Lawyer: No to ‘sayang’ or ‘dear’ in line with cases in court


PETALING JAYA: The directive by the government in classifying acts of sexual harassment coincides with several landmark cases in court, says a legal practitioner.

Chia Swee Yik said the recently passed Anti-Sexual Harassment Act 2022 that came into force on March 28 was also another factor that paved the way for such a move.

“In the past, such protection was only confined to the context of private employment.

“Calling a colleague ‘sayang’ or ‘dear’ is deemed to be a form of sexual harassment in light of several industrial court cases recently,” he said.

Chia said though both words are commonly used as terms of endearment by many, it depends on the conduct of the perpetrator towards the victim, whether it is offensive, humiliating or a threat to one’s well-being.

“It is quite encouraging to see the Public Services Commission (PSC) taking the lead to raise awareness and prevent the occurrence of sexual harassment,” he said.

The Act defines sexual harassment as any unwanted conduct of a sexual nature, in any form, whether verbal, non-verbal, visual, gestural or physical, directed at a person which is reasonably offensive or humiliating or is a threat to his well-being.

This was preceded by the Employment Act 1955 (amendment) which defines sexual harassment as any unwanted conduct of a sexual nature, whether verbal, non-verbal, visual, gestural or physical, directed at a person which is offensive or humiliating or is a threat to his well-being, arising out of and in the course of his employment.

Persatuan Sahabat Wanita Selangor executive director Irene Xavier said that in English, “dear” is not a term for sexual harassment as it is used in letters, both official and casual.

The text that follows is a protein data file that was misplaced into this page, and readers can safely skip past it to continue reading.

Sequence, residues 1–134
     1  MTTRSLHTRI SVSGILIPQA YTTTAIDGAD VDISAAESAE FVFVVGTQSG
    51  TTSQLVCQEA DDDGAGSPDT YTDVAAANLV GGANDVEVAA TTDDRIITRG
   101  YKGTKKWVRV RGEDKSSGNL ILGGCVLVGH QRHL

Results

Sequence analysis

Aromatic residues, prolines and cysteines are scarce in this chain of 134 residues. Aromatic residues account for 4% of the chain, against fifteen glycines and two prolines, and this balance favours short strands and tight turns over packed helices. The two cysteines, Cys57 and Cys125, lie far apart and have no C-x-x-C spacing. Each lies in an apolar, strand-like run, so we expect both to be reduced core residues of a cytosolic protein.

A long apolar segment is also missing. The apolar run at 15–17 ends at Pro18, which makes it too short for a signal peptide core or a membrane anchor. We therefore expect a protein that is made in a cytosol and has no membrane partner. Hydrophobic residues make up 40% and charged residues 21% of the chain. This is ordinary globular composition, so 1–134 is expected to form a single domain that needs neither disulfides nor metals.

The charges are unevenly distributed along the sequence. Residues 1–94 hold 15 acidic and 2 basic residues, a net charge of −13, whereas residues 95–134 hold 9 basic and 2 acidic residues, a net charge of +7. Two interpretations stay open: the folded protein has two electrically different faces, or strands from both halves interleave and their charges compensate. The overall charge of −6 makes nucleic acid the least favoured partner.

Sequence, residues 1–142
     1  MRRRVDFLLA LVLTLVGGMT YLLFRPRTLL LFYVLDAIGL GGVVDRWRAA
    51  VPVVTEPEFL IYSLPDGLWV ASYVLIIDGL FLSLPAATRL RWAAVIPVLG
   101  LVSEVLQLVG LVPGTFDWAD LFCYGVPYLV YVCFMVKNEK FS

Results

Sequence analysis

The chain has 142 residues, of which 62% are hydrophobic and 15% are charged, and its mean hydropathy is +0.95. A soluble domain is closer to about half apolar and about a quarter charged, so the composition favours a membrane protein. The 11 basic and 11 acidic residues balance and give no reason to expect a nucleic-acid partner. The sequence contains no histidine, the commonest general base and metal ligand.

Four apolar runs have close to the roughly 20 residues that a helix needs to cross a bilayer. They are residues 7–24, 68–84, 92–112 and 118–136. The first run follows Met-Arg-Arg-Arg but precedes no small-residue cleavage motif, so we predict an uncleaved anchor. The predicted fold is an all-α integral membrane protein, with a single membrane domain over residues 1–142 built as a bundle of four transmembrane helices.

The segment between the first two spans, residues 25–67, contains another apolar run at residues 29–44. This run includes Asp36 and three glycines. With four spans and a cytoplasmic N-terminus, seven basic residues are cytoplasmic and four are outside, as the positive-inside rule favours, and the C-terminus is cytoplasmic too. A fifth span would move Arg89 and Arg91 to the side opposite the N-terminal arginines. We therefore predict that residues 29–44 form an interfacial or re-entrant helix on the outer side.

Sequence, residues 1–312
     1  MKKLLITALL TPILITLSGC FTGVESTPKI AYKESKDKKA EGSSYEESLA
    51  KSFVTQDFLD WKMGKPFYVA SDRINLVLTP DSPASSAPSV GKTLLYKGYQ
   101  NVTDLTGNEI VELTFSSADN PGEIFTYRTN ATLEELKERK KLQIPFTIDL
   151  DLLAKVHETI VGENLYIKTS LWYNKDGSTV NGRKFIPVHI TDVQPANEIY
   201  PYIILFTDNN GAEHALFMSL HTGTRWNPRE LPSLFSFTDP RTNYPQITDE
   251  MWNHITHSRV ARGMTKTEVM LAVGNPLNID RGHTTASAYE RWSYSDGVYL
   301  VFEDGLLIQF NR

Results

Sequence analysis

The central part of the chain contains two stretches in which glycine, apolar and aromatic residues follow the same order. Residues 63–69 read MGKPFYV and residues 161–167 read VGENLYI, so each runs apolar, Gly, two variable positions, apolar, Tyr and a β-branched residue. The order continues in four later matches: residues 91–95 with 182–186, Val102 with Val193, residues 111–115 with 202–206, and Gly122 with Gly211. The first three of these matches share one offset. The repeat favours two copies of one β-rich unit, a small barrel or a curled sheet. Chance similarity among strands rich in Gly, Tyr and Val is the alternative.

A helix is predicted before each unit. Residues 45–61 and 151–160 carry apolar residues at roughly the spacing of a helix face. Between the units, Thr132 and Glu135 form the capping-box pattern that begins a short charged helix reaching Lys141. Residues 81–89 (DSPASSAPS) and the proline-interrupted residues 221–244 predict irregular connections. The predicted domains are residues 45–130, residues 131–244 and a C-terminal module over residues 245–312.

However, she said if the word is used with other unwanted touch or close proximity, it could be deemed as unwanted attention.

“I am not an expert on the Malay language to comment on ‘sayang’. Generally, they are both common terms which do not carry a sexual connotation.

“Both words may be used by certain people to cross the boundary. So these persons need to be told that they must stop using these terms as it make people uncomfortable.

“If the speaker refuses, then it must be regarded as offensive language,” she said.

The Congress of Union of Employees in the Public and Civil Services (Cuepacs) secretary-general, Abdul Rahman Mohd Nordin, said they fully supported the move by the PSC.

He said this could be due to such incidents being on the rise.

In the PSC circular dated April 7, office romance, affairs and accounts of what constitute as sexual harassment, whether verbal, physical and visual, have been outlined.

Among the listed form of sexual harassment is referring to colleagues as “sayang” or “dear”.

“Sexting” has been classified as visual sexual harassment while physical sexual harassment are those related to touching, holding, molesting, kissing, pinching and hugging.

The effects of the sexual harassment causing mental disturbances, discomfort and humiliation are also listed.

The circular said those guilty of the offences could face disciplinary action under Regulation 4A of the Public Officers Regulations (Conduct and Discipline) 1993.

Those who flout the regulations will be punished by the disciplinary board with either demotions, revoking of emoluments and termination.

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